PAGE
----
Helicopter enlisted to find fly-tips
The authorities in North Cornwall are taking extreme measures in their fight to tackle fly-tipping, making use of a helicopter to spot illegal dumps and catch tippers in the act.
The Environment Agency and the local district council have joined forces with a helicopter company which will use a chopper equipped with a TV-quality camera and tracking devices, similar to those used by news networks looking to keep tabs on traffic congestion.
While the helicopter will only be making dedicated flights for a brief period, in an effort to find existing tips in the 500 square miles of countryside which makes up the rural district, the company has agreed to remain on a watching brief reporting any further sites or suspicious activity that may be spotted in the future.
Although using a helicopter, one of the most energy-hungry vehicles known to man, might seem inefficient, a similar initiative across the border in Devon last year led to the discovery of over 100 illegal fly tips.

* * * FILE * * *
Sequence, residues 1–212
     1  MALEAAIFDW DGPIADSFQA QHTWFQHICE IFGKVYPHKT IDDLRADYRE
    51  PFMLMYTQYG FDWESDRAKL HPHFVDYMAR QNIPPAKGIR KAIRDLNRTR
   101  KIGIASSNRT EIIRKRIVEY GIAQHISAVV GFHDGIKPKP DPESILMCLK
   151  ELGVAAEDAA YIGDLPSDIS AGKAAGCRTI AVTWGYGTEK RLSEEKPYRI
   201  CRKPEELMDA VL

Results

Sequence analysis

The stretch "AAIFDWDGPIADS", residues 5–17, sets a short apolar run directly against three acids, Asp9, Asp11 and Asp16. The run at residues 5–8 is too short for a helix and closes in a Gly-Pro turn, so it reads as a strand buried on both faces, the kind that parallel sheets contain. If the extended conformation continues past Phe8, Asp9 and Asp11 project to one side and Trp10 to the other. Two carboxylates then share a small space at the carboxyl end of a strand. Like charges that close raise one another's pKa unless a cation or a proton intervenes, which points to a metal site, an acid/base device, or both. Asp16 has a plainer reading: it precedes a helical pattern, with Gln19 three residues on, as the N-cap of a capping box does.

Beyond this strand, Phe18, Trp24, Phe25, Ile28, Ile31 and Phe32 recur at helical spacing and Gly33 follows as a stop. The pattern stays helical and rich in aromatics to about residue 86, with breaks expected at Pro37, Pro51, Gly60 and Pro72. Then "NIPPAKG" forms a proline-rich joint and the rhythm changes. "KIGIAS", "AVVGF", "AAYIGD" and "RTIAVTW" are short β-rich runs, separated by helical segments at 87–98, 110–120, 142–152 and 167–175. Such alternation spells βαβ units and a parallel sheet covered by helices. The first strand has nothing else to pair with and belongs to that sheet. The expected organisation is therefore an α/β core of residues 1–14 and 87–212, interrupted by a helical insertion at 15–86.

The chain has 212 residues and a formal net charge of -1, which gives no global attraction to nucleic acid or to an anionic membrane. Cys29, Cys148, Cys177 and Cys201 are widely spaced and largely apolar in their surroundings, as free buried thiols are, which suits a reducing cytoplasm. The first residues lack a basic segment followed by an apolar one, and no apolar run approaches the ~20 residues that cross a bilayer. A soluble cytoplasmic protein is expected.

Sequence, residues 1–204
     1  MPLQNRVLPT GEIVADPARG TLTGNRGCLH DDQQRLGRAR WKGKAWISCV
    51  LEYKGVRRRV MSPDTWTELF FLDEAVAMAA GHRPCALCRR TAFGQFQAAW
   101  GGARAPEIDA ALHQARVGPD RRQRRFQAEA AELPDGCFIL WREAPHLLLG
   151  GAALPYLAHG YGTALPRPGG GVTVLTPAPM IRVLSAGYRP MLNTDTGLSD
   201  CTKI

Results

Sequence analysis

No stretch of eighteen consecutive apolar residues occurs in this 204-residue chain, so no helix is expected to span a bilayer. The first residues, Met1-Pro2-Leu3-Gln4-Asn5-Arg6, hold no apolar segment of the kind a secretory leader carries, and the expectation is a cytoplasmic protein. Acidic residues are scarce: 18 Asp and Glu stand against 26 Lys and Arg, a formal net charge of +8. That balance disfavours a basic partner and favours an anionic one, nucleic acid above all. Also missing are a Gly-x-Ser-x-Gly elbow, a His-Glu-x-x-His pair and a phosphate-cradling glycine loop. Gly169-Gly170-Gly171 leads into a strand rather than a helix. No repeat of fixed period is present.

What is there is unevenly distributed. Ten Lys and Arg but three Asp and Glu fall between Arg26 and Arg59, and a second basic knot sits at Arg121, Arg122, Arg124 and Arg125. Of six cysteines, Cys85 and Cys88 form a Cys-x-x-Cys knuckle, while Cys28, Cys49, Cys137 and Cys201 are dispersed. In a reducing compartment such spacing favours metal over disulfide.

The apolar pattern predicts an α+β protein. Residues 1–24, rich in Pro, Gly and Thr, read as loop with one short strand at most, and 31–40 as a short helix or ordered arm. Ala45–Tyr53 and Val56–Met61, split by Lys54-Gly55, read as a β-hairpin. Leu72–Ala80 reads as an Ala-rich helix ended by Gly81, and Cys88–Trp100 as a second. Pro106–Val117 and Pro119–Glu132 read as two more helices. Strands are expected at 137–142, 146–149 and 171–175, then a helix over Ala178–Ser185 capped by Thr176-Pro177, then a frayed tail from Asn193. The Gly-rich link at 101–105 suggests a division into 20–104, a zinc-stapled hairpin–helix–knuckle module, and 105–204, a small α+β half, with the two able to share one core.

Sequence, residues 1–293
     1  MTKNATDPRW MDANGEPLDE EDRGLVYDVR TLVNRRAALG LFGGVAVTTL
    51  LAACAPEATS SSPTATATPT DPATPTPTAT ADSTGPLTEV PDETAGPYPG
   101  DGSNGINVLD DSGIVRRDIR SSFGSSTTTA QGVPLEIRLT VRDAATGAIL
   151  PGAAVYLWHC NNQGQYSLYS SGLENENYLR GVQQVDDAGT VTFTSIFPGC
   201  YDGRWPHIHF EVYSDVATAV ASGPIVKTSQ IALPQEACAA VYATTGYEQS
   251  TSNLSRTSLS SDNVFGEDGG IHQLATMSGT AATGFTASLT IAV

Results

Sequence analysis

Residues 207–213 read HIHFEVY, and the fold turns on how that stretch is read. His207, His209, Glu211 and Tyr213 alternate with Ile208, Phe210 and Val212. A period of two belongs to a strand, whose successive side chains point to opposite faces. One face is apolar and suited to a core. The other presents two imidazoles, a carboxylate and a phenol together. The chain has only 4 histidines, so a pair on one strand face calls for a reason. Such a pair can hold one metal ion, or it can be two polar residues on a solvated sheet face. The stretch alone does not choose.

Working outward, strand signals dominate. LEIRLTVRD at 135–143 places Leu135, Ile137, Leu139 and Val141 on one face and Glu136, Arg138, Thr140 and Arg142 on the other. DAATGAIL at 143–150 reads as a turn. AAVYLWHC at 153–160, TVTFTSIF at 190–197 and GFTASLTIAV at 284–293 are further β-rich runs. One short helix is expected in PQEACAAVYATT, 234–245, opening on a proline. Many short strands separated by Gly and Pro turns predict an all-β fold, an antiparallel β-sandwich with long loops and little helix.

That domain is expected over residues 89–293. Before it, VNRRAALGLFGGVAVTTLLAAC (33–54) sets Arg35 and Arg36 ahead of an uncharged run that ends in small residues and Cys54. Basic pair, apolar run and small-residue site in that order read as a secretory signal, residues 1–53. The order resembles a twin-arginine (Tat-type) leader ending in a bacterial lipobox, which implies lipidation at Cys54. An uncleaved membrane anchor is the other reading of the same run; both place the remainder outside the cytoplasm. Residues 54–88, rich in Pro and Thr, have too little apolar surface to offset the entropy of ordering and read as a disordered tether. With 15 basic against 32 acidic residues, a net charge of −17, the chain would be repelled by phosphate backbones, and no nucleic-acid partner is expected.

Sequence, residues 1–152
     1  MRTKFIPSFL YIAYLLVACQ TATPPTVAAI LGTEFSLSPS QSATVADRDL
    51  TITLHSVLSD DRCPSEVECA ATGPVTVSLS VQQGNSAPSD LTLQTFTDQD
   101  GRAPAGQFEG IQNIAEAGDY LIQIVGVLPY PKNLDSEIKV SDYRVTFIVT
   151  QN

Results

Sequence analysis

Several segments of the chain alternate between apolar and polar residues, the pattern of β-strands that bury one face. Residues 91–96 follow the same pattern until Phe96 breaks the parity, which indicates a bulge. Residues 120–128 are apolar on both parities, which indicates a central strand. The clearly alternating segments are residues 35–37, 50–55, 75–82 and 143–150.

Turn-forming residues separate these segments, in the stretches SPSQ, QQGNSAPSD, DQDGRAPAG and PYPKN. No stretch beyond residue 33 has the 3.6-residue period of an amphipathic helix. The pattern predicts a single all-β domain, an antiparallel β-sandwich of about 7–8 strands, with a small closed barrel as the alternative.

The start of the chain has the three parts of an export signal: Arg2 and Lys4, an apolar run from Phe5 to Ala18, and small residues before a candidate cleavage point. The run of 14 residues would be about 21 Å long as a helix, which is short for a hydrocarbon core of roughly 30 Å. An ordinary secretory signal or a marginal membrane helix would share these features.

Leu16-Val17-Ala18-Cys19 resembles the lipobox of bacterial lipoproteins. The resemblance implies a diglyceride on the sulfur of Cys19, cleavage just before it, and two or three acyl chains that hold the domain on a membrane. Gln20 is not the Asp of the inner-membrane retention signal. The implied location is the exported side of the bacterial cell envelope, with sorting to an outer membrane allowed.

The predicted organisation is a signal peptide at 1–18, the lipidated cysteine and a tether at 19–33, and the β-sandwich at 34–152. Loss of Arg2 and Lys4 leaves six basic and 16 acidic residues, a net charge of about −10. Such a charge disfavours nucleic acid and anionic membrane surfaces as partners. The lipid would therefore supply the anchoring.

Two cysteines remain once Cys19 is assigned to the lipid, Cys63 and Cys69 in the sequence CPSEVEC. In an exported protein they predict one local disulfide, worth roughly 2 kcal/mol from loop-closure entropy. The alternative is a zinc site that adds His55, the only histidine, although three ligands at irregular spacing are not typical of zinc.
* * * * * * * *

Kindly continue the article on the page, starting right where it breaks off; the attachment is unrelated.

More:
“It’s just one of the tools we have that provides another way we can catch fly-tippers who we couldn’t get otherwise,” a spokesman for the EA told edie.
“Because it’s such a vast rural area it’s difficult to cover it all on the ground.”
He said an increasing number of techniques were being used to crack down on fly-tippers as the war on waste heats up, including forensics and surveillance technologies.
Morgood Helicopters’ Kevin Foster, the pilot who will be flying the eye in the sky, said he was happy to provide the service free of charge as a goodwill gesture.
“The illegal dumping of waste is not only selfish and irresponsible, but expensive to clear up leaving taxpayers to foot the bill,” he said.
“We fully support the Environment Agency and North Cornwall Council in their efforts to catch and prosecute fly-tippers, and are happy assist in any way we can.”
Environment Agency officer Steve Clark added: “Aerial surveillance is a powerful weapon in the fight against fly-tipping. Anyone thinking of tipping waste in the North Cornwall countryside now runs a serious risk of being caught as a result of this new partnership.”
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